For our final project, we knew we wanted to construct a video game that had not been made before in ECE476. While brainstorming for project ideas, we came up with many games, but they had all been done before. After many attempts, we came up with Jezzball. It seemed like a good choice to us, because it was a game that we had both enjoyed as a child, and we felt a nostalgic impulse to recreate the classic game. Since we had both not played it in such a long time, we searched online for a freeware version of the classic game, but were only able to find various adaptations, that we felt didn’t do the original justice. This compelled us even further to complete the game, not only for our enjoyment, but for the pleasure of all classic gamers out there.
The recreation of Jezzball consisted of using two Atmel Mega32 MCU’s on prototype boards, an old PS/2 mouse, and a black and white TV. One of the MCUs is used to control the logic for the actual game play and outputting to the TV. The other is used to interface with the mouse. We communicated between MCU’s using the built-in SPI. We chose this method of communication as opposed to the UART or just using port pins because SPI provided a synchronous and fast transmission. We were forced to use two MCU’s because outputting video to the TV is very time critical (each frame must be timed and synced), and we could not add mouse input on top of the already processor intensive Jezzball control logic.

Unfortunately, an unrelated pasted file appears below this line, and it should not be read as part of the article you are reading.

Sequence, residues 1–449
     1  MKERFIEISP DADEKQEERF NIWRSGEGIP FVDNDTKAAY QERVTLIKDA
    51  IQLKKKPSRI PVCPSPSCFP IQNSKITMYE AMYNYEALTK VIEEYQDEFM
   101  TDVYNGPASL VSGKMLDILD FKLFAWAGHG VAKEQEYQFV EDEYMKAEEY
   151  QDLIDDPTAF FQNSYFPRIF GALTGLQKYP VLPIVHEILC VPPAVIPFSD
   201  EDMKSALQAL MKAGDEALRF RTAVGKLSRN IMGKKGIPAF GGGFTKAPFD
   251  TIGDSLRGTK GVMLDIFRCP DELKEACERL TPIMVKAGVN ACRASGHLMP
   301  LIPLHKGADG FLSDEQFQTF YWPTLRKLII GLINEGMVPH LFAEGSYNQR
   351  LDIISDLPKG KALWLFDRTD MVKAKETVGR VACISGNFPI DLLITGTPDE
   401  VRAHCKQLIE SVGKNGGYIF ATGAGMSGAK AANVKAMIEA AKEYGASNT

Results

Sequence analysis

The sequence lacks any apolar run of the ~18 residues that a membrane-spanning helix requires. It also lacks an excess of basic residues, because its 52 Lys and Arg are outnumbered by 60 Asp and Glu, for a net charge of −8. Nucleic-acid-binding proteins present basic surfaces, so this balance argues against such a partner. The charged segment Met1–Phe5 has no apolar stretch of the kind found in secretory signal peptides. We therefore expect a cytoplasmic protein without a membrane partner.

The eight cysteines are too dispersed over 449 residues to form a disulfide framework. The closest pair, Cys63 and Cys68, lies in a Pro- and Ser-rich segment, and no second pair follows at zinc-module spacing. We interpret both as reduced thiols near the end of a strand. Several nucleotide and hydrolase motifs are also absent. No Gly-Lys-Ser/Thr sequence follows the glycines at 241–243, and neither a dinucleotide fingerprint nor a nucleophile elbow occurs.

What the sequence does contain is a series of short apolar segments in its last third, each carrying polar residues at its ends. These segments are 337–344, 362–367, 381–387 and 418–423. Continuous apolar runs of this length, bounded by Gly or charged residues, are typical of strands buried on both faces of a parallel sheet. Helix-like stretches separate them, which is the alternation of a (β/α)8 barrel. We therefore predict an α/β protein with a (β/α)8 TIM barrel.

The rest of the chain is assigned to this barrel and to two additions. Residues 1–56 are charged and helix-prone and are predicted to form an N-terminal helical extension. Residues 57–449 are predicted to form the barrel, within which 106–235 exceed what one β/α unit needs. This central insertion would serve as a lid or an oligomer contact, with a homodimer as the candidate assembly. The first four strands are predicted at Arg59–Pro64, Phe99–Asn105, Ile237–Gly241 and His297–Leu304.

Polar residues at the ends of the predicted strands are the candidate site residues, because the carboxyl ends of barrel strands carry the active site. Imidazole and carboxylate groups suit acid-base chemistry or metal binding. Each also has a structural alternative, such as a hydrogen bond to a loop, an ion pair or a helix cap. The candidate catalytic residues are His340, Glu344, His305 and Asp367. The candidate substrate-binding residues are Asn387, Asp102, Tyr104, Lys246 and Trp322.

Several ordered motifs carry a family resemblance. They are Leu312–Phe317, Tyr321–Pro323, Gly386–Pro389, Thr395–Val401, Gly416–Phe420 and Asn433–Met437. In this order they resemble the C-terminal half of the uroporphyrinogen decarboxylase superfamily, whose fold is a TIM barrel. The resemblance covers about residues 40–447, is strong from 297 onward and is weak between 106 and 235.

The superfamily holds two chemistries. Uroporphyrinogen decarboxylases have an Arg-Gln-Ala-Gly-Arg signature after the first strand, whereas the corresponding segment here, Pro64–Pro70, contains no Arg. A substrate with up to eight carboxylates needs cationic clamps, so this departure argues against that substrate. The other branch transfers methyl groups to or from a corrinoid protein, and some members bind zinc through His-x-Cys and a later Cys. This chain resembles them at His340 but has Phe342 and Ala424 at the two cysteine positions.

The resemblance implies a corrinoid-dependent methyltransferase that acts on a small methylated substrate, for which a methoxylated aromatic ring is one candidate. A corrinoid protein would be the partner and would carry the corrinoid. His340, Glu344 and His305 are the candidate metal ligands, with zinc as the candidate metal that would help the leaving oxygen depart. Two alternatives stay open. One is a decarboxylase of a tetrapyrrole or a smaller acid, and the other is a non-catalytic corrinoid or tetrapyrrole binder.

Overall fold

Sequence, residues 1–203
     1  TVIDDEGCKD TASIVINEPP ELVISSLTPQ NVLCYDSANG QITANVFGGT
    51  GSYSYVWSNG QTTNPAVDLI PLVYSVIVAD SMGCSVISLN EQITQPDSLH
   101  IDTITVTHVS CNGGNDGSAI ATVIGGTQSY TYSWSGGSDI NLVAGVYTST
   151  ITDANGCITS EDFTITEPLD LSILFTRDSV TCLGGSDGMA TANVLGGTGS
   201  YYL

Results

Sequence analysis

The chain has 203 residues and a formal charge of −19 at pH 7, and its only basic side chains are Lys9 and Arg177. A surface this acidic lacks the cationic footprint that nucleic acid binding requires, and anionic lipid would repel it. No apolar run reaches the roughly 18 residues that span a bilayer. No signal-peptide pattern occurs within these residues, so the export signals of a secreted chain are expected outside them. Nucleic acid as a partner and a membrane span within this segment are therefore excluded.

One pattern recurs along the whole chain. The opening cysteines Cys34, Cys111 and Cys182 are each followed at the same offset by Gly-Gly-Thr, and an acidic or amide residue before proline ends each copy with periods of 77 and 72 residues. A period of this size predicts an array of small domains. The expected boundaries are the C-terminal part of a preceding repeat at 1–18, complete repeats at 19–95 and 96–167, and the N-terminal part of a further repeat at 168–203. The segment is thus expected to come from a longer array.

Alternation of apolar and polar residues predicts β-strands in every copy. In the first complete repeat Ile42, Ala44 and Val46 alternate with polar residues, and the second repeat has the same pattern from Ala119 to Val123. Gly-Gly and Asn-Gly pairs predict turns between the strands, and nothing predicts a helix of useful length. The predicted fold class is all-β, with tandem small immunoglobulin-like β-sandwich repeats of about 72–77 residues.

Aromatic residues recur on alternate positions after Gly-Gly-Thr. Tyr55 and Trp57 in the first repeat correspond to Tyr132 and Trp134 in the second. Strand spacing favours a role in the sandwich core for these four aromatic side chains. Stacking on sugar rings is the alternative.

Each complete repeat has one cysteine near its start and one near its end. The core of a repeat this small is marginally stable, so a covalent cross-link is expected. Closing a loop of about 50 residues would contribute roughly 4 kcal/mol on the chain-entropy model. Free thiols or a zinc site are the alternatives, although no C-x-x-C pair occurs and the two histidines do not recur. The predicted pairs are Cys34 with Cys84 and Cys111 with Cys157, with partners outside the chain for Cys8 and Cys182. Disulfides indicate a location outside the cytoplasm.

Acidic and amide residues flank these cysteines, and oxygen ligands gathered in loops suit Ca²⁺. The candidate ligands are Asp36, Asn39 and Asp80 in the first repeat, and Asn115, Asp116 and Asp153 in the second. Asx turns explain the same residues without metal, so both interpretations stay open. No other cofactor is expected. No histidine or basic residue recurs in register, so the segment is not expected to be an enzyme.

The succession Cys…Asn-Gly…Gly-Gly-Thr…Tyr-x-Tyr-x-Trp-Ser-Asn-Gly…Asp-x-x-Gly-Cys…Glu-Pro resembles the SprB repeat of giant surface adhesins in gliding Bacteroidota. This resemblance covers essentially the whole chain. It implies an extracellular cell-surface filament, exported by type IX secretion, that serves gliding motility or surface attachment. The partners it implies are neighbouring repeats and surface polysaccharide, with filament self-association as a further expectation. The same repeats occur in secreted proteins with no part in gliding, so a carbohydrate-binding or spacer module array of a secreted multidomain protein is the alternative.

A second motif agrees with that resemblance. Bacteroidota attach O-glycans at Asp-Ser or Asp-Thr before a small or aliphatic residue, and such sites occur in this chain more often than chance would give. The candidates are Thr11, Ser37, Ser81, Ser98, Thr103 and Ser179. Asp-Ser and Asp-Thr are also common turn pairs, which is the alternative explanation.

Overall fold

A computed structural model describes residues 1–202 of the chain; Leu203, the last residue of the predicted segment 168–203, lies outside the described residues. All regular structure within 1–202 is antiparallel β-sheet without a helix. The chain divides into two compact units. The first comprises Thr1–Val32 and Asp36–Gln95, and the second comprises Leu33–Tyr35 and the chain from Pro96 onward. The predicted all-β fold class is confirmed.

Outputting to the TV, we generated a non-interlaced signal that consists of a sync and a video signal. Our signal differs from the NTSC standard interlaced signal in that we generate pairs of lines of the same pixels where the NTSC would have generated alternating lines of pixels. We used a standard RCA cable to connect to the TV video and sound.
Communicating with the mouse involved using the PS/2 mouse protocol for a standard 6-pin Mini DIN. This is discussed in more detail in the hardware design section.
Although Jezzball was originally created and copyrighted by Microsoft in 1992, it has been adapted many times since its creation. We feel we did not violate any copyrights, as modified our version from the original, and do not intend to profit from the game in any way besides our final project grade and our own satisfaction.